Its recent history has been problematic. Even before Floyd, scientists say, the estuary fed by the Neuse was gasping for air.

“It seems like [the Pamlico Sound] in the summer is always on the cusp of becoming hypoxic,” says Travis Graves, who recently retired as the Lower Neuse riverkeeper. “It’s always struggling for oxygen.”

Graves’s claim is supported by research dating as far back as 1998. That year, the University of North Carolina’s Institute of Marine Sciences published a report by ecology professor Hans Paerl and colleagues that concluded that a major rain event would result in hypoxia-induced fish kills along the Neuse River and within the Pamlico Sound. The culprit would be washed-out animal waste lagoons that would pollute the waterway. Paerl and his coauthors identified agricultural expansion and the proliferation of concentrated animal feeding operations, or CAFOs, as the primary causes of “these troubling symptoms of eutrophication.”

Two years after Floyd, in 2001, a report by Duke University civil and environmental engineering professor Mark Borsuk noted that the Neuse was “a typical example of a stressed coastal system.” The river’s estuary was experiencing symptoms of nutrient overload, including algal blooms, low levels of dissolved oxygen, fish kills, and outbreaks of toxic microorganisms, problems he blamed in part on “a growing commercial hog-farming industry.”

In October 2006, an article in the Journal of Environmental Engineering concluded that the Neuse’s estuary suffered from fecal contamination. It blamed livestock waste introduced into the waterway by “open-field manure spraying systems [and] agricultural animal manure runoff from confined animal feeding operations.”

In addition, a 2015 study by the U.S. Geological Survey and the N.C. Department of Environment and Natural Resources found that 58 percent of watersheds in the state’s coastal plain that contained industrialized animal operations had “distinct water-quality differences, reflecting swine and/or poultry CAFO manure effects”—an indication, environmentalists say, that even absent a natural disaster, an adverse environmental impact was present.

Despite two decades of evidence, however, not much has changed.

In April, the national water conservation organization American Rivers ranked the Neuse (along with Cape Fear) as the seventh most endangered river in the country, citing the harmful chemicals—nitrogen, phosphorus, blood, and fecal matter—that have been making their way into the river because of nearby hog and poultry operations. Hurricane Matthew exacerbated these longstanding problems, according to the report.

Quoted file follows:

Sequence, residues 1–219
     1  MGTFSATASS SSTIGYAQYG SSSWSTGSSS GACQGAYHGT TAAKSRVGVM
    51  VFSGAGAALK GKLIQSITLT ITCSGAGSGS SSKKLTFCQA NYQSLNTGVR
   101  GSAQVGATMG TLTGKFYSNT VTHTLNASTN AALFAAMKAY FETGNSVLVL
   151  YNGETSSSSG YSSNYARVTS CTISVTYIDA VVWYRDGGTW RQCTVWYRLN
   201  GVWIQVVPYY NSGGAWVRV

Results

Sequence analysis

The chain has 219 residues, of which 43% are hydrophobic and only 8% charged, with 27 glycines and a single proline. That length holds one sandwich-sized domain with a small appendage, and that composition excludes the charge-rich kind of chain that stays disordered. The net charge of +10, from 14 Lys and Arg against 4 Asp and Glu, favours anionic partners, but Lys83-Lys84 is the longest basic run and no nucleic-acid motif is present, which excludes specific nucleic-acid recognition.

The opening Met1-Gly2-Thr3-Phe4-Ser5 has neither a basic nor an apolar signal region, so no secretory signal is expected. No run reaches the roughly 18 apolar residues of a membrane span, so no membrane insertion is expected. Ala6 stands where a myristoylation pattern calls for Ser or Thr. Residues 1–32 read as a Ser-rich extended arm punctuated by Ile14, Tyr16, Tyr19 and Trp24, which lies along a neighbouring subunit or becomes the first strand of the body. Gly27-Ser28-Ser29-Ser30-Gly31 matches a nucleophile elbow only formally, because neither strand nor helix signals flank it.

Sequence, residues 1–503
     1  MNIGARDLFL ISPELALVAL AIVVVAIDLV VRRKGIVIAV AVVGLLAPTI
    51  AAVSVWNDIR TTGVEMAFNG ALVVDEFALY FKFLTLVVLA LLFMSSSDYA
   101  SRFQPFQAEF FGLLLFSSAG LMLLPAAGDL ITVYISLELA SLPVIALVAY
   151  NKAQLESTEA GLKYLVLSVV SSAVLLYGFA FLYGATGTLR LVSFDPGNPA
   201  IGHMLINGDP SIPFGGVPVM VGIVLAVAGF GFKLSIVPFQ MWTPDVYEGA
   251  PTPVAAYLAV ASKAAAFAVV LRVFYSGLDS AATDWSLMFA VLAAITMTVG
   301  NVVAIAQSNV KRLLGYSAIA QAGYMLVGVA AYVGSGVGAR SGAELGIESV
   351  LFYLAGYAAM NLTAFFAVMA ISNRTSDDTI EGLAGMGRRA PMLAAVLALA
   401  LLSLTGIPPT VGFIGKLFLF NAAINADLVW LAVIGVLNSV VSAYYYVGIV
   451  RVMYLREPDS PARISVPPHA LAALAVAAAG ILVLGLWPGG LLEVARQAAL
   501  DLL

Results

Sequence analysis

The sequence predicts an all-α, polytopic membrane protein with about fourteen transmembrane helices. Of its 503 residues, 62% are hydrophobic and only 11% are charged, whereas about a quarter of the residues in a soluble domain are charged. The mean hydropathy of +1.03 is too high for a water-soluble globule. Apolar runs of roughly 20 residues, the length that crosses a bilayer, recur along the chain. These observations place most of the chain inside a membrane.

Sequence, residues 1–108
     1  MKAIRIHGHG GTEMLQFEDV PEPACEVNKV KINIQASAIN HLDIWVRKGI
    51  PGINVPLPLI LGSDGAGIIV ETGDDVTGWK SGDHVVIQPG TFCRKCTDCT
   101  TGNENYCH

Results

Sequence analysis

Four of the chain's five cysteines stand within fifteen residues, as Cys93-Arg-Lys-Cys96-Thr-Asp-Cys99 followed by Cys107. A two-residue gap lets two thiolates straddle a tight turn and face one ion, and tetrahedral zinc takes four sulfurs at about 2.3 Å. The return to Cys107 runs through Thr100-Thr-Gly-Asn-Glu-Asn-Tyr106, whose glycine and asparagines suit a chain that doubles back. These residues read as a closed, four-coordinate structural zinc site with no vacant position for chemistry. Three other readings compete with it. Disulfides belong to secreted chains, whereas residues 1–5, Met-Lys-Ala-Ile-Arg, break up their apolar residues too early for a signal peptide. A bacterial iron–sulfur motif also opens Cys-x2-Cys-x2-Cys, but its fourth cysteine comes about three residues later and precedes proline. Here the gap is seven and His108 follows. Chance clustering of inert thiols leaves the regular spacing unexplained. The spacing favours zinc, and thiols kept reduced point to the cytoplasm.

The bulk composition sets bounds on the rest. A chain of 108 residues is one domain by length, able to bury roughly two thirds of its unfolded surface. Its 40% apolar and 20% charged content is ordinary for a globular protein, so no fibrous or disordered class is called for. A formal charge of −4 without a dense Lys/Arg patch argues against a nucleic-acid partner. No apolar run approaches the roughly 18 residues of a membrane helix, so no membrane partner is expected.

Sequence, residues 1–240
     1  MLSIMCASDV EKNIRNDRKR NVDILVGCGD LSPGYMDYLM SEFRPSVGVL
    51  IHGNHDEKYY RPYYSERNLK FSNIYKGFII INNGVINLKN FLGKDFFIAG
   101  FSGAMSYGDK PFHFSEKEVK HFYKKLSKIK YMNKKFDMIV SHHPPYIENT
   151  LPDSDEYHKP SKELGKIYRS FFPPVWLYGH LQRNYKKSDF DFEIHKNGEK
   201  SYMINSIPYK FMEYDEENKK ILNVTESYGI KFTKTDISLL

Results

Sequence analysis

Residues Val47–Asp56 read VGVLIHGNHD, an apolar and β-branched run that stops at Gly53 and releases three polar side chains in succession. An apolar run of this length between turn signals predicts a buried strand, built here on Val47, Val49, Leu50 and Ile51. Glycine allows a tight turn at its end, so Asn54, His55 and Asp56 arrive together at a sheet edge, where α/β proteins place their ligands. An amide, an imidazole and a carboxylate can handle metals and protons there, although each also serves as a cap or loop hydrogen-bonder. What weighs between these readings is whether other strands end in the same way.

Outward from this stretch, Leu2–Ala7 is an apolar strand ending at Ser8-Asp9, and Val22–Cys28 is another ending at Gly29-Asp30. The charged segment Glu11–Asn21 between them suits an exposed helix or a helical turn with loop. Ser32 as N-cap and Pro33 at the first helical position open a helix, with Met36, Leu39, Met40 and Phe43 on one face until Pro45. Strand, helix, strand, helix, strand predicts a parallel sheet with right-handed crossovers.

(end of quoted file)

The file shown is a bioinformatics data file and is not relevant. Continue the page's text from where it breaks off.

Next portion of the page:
“The threat these facilities and their antiquated waste operations pose to our waters will only increase as the effects of climate change become more prevalent and North Carolina is subjected to more frequent powerful storms,” the report says.


III. “We Cannot Sacrifice the Environment”

Here’s how hog-waste lagoons are supposed to work.

A farmer digs a pond-like basin, usually eight to fifteen feet deep, next to a row of hog houses. When the pigs inside those hog houses relieve themselves, their waste falls through small slits on the slanted floor and into a concrete storage pit. That waste is then piped into the lagoon.

From there, science takes over. Solids in the wastewater separate and settle into layers of liquid on top and sludge below. Whenever the cesspool levels rise, the liquid is then pumped onto nearby spray fields as crop fertilizer. This prevents the open-air lagoon from flooding.

Hog farmers have been utilizing this practice since at least the 1970s. The hog industry has long argued that the sludge inside the lagoons creates a natural seal, preventing leakage and contamination of nearby groundwater supplies. The industry says this became especially true after the late eighties, when lining lagoons with dense compacted clay became a best practice.

In 1993, the state’s Division of Environmental Management told lawmakers that lagoons are constructed to self-seal; two years later, Wendell Murphy, a powerful Democratic state legislator and patriarch of Murphy Family Farms, told The News & Observer that “lagoons will seal themselves” and that there’s not “one shred, not one piece of evidence anywhere in this nation that any groundwater is being contaminated by a hog lagoon.”

Agriculture experts disagree. Because most North Carolina hog farms are located in five eastern counties situated in the Inner Coastal Plain, a region defined by permeable sandy soil, leakage is unavoidable, they say. And they point out that while lagoons constructed after the late eighties were lined with clay, most of the older lagoons were never retrofitted.